There's a video published by "Award Winning Workshops" entitled "Advanced Steadicam Techniques". It's the only training type video on Steadicam that I know of. Unfortunately, I couldn't tell you if it's worth its price ($90USD). Perhaps someone else here has actually seen it.

<{POST_SNAPBACK}>


I own that video. It is worth the price.

Regards
Leigh
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#10 Matze-s-l

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Posted 27 August 2005 - 10:55 AM

hello

here my first reel, three shots from last weekend projekt, 100% steadicam. these are some of my first shots ever and with my selfmade rig so will be glad for some comments:

http://www.nostra-de...gang/steady.mov


matze
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#11 Matt Mouraud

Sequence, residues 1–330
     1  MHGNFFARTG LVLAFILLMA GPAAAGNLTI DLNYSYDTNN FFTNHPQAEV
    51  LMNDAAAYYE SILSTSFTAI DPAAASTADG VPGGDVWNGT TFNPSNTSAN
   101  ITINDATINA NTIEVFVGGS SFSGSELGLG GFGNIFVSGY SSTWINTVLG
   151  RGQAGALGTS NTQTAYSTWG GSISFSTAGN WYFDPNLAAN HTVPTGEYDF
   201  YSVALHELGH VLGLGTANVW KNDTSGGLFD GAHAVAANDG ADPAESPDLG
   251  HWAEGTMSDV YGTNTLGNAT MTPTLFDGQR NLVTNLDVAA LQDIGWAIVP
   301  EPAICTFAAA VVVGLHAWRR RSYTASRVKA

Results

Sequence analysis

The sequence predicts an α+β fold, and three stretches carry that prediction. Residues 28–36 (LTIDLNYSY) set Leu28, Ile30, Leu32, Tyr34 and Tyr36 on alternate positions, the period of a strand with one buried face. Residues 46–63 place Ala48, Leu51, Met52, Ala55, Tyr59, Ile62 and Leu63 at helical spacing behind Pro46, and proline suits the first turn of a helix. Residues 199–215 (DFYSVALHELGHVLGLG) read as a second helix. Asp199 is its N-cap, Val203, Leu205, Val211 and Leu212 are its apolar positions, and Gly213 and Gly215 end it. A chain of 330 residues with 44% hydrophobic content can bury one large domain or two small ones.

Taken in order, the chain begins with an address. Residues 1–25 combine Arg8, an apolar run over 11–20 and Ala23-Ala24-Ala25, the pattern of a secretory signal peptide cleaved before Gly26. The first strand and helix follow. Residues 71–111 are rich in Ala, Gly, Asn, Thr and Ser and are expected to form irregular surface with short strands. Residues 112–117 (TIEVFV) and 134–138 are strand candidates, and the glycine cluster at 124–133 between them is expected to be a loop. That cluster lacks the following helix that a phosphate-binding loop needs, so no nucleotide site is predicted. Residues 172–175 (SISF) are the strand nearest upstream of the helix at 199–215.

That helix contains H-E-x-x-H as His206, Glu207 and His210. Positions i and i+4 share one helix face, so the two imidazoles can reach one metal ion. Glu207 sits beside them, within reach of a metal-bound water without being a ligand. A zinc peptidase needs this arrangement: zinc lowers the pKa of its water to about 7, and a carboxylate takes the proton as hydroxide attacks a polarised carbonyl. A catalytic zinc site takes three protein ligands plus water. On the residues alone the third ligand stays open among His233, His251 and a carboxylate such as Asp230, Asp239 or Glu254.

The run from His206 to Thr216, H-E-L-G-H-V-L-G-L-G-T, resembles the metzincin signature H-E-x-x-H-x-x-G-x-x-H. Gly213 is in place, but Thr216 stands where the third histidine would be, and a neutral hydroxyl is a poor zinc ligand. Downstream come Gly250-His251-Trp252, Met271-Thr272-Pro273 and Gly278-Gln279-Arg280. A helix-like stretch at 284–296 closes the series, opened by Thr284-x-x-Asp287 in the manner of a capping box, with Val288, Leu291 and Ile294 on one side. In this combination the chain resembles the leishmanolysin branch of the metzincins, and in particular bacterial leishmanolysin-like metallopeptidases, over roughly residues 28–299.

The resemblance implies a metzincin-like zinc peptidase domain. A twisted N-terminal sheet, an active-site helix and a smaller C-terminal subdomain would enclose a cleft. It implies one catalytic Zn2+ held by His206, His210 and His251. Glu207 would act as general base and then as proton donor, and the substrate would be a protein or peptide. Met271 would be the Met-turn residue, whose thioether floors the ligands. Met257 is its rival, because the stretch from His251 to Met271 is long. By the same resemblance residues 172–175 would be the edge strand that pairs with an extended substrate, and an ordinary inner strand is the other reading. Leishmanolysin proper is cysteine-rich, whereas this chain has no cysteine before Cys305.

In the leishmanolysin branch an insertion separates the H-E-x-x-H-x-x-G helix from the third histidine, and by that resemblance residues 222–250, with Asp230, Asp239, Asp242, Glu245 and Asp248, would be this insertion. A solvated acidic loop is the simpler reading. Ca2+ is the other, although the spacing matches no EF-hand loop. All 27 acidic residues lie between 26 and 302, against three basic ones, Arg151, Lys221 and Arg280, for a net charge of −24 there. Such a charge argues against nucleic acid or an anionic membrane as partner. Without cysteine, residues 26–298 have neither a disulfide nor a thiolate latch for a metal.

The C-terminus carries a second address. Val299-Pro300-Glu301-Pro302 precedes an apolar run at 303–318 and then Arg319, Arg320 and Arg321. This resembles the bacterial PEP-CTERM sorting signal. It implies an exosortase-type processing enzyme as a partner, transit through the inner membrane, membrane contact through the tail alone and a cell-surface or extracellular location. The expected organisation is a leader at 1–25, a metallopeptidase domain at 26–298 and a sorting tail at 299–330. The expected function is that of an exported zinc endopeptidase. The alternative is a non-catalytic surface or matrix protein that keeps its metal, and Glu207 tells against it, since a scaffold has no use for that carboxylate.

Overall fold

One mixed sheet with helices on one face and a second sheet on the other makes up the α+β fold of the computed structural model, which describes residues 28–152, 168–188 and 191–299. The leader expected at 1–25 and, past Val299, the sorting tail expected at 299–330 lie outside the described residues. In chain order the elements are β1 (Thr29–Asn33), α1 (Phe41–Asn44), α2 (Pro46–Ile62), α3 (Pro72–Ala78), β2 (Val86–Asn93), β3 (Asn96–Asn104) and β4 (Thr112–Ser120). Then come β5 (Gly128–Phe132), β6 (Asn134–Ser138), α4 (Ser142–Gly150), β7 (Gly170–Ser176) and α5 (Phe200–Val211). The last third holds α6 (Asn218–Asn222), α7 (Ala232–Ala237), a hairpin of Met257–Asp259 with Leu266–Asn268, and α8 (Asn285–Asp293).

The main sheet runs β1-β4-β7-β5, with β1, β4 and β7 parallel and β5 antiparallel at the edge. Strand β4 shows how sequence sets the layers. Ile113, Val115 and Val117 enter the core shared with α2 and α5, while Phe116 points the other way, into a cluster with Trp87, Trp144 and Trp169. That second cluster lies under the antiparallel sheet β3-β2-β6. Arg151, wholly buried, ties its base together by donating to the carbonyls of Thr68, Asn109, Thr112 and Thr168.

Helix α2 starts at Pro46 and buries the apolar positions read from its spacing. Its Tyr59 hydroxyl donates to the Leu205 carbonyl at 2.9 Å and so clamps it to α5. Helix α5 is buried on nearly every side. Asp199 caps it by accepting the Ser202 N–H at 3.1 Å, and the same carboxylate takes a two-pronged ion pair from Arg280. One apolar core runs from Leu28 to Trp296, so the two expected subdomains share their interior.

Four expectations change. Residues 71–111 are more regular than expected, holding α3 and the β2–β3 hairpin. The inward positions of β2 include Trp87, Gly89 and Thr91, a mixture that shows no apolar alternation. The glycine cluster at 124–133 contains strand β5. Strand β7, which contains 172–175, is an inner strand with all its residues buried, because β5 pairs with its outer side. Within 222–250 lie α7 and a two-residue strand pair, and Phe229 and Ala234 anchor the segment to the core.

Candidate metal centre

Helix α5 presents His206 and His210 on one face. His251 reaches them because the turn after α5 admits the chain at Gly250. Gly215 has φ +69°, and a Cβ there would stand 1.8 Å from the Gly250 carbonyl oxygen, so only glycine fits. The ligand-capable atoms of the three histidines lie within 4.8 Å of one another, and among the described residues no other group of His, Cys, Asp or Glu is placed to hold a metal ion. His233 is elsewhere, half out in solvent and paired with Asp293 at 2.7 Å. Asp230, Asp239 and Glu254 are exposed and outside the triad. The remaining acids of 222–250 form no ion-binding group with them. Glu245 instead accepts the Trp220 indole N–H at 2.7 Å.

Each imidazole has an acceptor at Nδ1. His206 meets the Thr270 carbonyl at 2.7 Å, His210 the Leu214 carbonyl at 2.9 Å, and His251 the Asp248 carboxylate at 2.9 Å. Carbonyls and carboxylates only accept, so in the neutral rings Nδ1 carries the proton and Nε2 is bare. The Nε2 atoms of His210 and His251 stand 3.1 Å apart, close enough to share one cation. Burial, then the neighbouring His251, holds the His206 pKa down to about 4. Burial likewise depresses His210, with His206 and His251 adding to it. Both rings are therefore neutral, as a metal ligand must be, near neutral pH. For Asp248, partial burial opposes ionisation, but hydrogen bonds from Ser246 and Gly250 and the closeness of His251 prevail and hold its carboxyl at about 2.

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Posted 27 August 2005 - 11:49 AM

Your selfmade rig seems to work pretty well ! The only way to improve and not to getting too much bad habits would be to take a workshop ! There's one in Paris in 3 weeks...
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#12 Charles Papert

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Posted 27 August 2005 - 12:46 PM

Matze:

Congratulations on jumping right in to it--those are some pretty complex shots for your first project!

As you transition from rig builder to operator, now you can forget all about the equipment and focus on the shots themselves. Think of every sequence as being made up of a series of still frames, and they should all be well composed (that's the hard part!). In the bathroom sequence for instance, the girl goes to the sink and you had a great opportunity to include her complete reflection in the mirror if you had panned right just a little bit. The best time to think about these sort of things is when you walk through the shot without the rig on in rehearsal (get yourself a little director's finder to assist with this). All of this will come in time, so keep practicing and studying your results and thinking "what could I have done to make this better/more interesting?"